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Our Time On Earth by Compass (Escape Music)

Our Time On Earth by Compass (Escape Music)

Our Time On Earth by Compass (Escape Music)

Steve Newman is best known for his work in the long running melodic rock project Newman, who’s latest and greatest album Ignition was released last month via AOR Heaven. With a desire to expand his musical universe, Newman created Compass – a dynamic progressive rock project whose debut album Our Time On Earth is nothing short of mesmerizing. As grand and as epic as you would expect an album with such a poignant and expansive title, Our Time On Earth is an infinite auditory masterpiece.

In this ambitious new journey, Newman has focused exclusively on the wondrously imaginative guitar and keyboard interludes, and Our Time On Earth finds the esteemed musician at the very height of his creative energies. The vocals on Compass are performed by Ben Green, and his delivery is absolutely thrilling and expressive. Also joining the sonic adventure is the dynamic rhythm section of Dave Bartlett on bass and Toni Lakush on drums. Together, Compass present a spiraling music presentation that fans of acts such as Dream Theater, Saga and even Pink Floyd would find rapturous and intriguing.

Save us, we keep on falling, destiny’s calling” are among the spirited lyrics on the Skies On Fire commencement, and with that, the Compass experience explodes in the stratosphere. The dazzling title track Our Time On Earth is a standout of cosmic proportions.  The powerhouse refrains of Another Life Suicide with its “one more chance to change this lifetime, one more chance to make it right, you decide!” lyrical content is another triumph to be found on this amazing album.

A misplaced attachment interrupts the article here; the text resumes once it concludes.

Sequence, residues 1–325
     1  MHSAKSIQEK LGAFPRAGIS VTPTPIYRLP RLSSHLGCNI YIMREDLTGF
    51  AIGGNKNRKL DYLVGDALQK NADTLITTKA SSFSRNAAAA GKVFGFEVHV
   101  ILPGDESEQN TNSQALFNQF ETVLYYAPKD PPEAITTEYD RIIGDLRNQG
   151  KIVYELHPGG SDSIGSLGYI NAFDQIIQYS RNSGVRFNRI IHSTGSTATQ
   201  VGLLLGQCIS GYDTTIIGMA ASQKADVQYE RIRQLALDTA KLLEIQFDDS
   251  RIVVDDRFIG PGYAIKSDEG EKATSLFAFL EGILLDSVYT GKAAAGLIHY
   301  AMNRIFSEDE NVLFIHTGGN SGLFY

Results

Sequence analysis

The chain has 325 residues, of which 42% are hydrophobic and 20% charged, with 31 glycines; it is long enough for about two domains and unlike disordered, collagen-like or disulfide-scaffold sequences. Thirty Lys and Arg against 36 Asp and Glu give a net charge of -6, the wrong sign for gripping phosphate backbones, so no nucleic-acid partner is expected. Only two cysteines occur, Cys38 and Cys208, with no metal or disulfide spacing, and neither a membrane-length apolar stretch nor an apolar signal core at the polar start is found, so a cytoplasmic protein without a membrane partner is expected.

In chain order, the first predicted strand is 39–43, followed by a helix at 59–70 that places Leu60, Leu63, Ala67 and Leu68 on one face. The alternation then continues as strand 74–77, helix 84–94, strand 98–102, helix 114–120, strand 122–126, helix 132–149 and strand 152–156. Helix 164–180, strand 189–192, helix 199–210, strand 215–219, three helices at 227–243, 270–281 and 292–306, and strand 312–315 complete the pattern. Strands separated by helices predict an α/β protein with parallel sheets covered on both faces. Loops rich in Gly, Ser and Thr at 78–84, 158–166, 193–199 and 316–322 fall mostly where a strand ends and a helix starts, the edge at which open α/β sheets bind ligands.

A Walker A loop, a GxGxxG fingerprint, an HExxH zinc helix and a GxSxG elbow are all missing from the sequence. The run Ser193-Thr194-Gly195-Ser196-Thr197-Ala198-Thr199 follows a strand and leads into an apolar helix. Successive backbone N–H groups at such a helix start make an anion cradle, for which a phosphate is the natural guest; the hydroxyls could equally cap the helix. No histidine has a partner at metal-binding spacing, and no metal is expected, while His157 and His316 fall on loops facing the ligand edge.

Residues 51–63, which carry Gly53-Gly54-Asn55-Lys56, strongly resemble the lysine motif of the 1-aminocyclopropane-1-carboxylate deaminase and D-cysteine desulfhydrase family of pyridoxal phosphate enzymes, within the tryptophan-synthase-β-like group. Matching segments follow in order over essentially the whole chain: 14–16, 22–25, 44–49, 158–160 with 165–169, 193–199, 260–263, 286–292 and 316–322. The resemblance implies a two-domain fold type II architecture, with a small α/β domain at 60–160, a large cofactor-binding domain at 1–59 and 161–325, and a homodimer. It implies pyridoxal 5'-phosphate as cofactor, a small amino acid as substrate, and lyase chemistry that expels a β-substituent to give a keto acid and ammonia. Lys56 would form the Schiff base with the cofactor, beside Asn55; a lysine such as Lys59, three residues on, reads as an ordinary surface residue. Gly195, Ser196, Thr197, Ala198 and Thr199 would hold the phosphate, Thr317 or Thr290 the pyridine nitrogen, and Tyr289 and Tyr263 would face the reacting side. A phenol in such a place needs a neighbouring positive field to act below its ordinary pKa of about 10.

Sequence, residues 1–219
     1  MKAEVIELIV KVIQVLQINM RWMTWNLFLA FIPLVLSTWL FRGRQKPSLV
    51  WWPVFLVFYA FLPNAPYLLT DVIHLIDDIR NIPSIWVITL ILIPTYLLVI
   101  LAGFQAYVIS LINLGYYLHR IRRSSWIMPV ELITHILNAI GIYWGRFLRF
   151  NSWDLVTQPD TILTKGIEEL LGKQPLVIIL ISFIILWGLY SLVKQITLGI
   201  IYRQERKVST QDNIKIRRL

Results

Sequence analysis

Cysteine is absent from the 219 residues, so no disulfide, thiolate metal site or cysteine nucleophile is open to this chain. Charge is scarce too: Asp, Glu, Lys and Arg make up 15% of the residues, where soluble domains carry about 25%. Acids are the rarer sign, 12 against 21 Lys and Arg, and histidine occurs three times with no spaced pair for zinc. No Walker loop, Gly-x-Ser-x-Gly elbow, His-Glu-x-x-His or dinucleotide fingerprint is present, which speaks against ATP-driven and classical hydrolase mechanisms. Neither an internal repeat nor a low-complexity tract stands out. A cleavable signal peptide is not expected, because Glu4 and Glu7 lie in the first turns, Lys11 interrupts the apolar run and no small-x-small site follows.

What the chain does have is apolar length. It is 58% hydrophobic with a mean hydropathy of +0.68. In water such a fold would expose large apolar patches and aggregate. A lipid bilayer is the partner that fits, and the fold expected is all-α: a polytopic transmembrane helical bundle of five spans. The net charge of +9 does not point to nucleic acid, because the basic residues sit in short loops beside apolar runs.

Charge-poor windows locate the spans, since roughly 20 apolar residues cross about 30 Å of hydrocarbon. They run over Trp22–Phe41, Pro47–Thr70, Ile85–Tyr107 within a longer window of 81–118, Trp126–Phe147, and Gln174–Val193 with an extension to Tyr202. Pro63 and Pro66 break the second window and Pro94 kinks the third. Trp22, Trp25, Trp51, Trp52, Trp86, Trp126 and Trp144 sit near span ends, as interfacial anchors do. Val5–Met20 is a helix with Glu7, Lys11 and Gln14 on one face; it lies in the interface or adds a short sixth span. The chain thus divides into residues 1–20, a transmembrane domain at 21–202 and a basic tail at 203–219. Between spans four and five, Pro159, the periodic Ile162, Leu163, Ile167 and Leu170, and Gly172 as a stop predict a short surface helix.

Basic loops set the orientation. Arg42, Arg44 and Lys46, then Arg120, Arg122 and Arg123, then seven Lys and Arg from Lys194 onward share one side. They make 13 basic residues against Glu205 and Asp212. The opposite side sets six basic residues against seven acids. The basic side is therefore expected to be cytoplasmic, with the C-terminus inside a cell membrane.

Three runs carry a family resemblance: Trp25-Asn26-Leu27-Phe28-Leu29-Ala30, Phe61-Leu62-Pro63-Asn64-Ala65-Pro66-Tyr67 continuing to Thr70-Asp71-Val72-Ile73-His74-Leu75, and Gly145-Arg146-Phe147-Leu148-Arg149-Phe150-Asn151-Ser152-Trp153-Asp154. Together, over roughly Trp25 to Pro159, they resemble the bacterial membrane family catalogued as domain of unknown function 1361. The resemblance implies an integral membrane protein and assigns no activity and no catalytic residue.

The heart and emotion of Ben Green’s vocals combined with the stunning musicianship of Steve Newman and company render Our Time On Earth by Compass one of the most impassioned, fully realized albums of the year. In this age of social distancing and isolation, an album as inspiring as Our Time On Earth by Compass is just the remedy we all need – certainly a vast and liberating work of art that all music fanatics will want to revisit time and again.

(Review by Ken Morton)

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